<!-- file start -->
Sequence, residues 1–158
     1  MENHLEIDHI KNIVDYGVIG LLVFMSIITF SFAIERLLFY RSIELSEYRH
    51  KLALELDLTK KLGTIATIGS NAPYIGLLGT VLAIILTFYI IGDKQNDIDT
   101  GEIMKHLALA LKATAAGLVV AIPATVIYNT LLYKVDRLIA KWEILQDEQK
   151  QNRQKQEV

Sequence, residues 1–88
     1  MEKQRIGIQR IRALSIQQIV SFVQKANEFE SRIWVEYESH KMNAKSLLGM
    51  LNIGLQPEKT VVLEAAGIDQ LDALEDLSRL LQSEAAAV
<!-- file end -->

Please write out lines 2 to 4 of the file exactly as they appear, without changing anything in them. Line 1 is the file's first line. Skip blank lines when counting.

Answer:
     1  MENHLEIDHI KNIVDYGVIG LLVFMSIITF SFAIERLLFY RSIELSEYRH
    51  KLALELDLTK KLGTIATIGS NAPYIGLLGT VLAIILTFYI IGDKQNDIDT
   101  GEIMKHLALA LKATAAGLVV AIPATVIYNT LLYKVDRLIA KWEILQDEQK